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2.29.08 Issue #312 Forward This Newsletter To A Colleague

Dr. Nancy Haller
Dentist Coach
McKenzie Management
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Want More Employee Motivation In Your Practice?
Tune Into WII-FM

Dentists often complain to me that at least one person in their office “just isn’t motivated”. I tell them that it’s not true. Everyone is motivated by something. The question is what motivates your staff?

Employees are generally more willing to do things that benefit them personally than they are wiling to do things that benefit your practice. I’m not being cynical or negative. It’s a psychological fact about human nature. If you want a higher performing staff, you’ve got to tune into WII-FM, the what’s-in-it-for-me station.

Leadership is about influence. This happens best when you connect what you want employees to do with the benefits they will gain by doing it. One of the biggest mistakes you can make is to think that your employees are motivated by the same things as you are. This is rarely true. If you try to persuade your employees by what motivates you, your words will fall on deaf ears. As Aristotle said, “The fool tells me his reason; the wise man persuades me with my own.” 

You don't need to have a Ph.D. in psychology to influence others but you do need to be curious. Take an interest in your employees' comments and actions. Find ways every day to learn about each member of your team. What are the themes behind their words and behaviors? Where do their needs and your needs coincide? How can you use their natural drive to help you to reach your most important practice goals? Now that’s truly a win-win situation.

To answer these questions, temporarily set aside your own beliefs and values. Be careful to avoid being judgmental. You might not always agree with what’s important to an employee but give them the right to their own opinions. When you stay open-minded to different perspectives, you can connect with your staff on a meaningful level. Getting people to talk about what's important to them solidifies relationships. That builds trust and team cohesion.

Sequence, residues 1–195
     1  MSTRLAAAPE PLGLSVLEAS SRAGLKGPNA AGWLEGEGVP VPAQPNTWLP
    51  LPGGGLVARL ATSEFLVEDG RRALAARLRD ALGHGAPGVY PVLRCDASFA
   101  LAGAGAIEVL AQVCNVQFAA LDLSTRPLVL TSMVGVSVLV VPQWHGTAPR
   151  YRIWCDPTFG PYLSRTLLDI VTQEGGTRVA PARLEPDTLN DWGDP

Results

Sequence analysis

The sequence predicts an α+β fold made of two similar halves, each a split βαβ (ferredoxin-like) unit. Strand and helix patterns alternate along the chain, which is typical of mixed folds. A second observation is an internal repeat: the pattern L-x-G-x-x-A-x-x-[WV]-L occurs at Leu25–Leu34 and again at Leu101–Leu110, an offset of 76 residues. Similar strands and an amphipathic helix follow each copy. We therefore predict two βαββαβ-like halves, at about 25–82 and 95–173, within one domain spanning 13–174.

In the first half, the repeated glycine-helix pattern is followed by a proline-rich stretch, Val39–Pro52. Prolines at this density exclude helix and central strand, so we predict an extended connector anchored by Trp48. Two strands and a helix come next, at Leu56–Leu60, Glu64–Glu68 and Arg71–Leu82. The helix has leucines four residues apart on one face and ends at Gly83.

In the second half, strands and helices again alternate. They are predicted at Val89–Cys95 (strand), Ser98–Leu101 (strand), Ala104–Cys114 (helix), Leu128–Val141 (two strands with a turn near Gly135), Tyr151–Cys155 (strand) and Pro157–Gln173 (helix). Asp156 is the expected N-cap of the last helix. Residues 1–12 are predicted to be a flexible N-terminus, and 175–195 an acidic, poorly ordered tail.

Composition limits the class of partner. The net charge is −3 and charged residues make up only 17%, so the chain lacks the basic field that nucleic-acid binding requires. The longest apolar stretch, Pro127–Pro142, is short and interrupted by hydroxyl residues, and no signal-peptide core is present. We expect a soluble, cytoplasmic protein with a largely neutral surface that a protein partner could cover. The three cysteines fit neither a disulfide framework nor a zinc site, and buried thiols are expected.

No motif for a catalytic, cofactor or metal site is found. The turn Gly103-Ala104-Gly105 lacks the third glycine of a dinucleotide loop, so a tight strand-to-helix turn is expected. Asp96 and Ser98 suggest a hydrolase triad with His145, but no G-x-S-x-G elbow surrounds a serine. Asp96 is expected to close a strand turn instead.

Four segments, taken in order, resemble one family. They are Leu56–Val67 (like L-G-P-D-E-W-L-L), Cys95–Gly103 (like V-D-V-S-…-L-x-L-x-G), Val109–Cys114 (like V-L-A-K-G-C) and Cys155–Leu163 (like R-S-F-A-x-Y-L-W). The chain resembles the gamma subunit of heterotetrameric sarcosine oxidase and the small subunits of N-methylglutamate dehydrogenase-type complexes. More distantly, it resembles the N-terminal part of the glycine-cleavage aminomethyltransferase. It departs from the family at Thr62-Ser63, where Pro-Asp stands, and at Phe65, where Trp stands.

To be a more effective leader, you may need to modify the way you engage your staff. “Telling” someone what you want them to do is very different from “selling” them on the idea. I am not suggesting that you revert to “high-pressure” sales tactics. By “selling,” I mean look for ways to get your employees emotionally committed to their responsibilities. Focus on the benefits, not the costs. This inspires buy-in rather than compliance.

Let’s take an example. Jenny is your chairside assistant. She’s pleasant. All your patients like her. She’s been with you since you started the practice. She does what you ask her. And therein lies the problem. She only does what she is asked to do. She rarely initiates any clean-up outside her immediate area...unless you ask her. She’s compliant but you want her to be motivated to go beyond her individual duties. You wish she would assume a higher level of responsibility. After all, she’s been with you for many years. But whenever she has extra time you find her up at the front desk talking with your receptionist.

What is Jenny telling you through her behavior? You might say, “She’s lazy.” If you settle for that short-sighted explanation, you’re going to miss an opportunity to learn about her. You need to look beyond your judgment of Jenny’s chattiness and be curious about what drives her.

It’s likely that Jenny is demonstrating a social nature. She values interaction with people. She’s probably an extravert. If you want her to initiate additional responsibilities on her own, assign her to activities that involve others because that’s what motivates her. Be creative. Think of your office operations and list the tasks that are interpersonally based. Jenny’s much more likely to get those things done withoutbeing asked.

Be a more inspirational leader with your team. Start by finding out what’s important to each and every one of your team. See them for who they are. Look at things fromtheir point of view. Adjust your strategy to go withnot against – their natural motivators. When you use this approach you will find that it’s easy and even fun to motivate others. You’ll be helping them get what they want while simultaneously accomplishing your own objectives. 

Tune into the WII-FM signal, and stop listening to static.

Create the right environment that sustains profitability through employee commitment and engagement.
Contact Dr. Haller at

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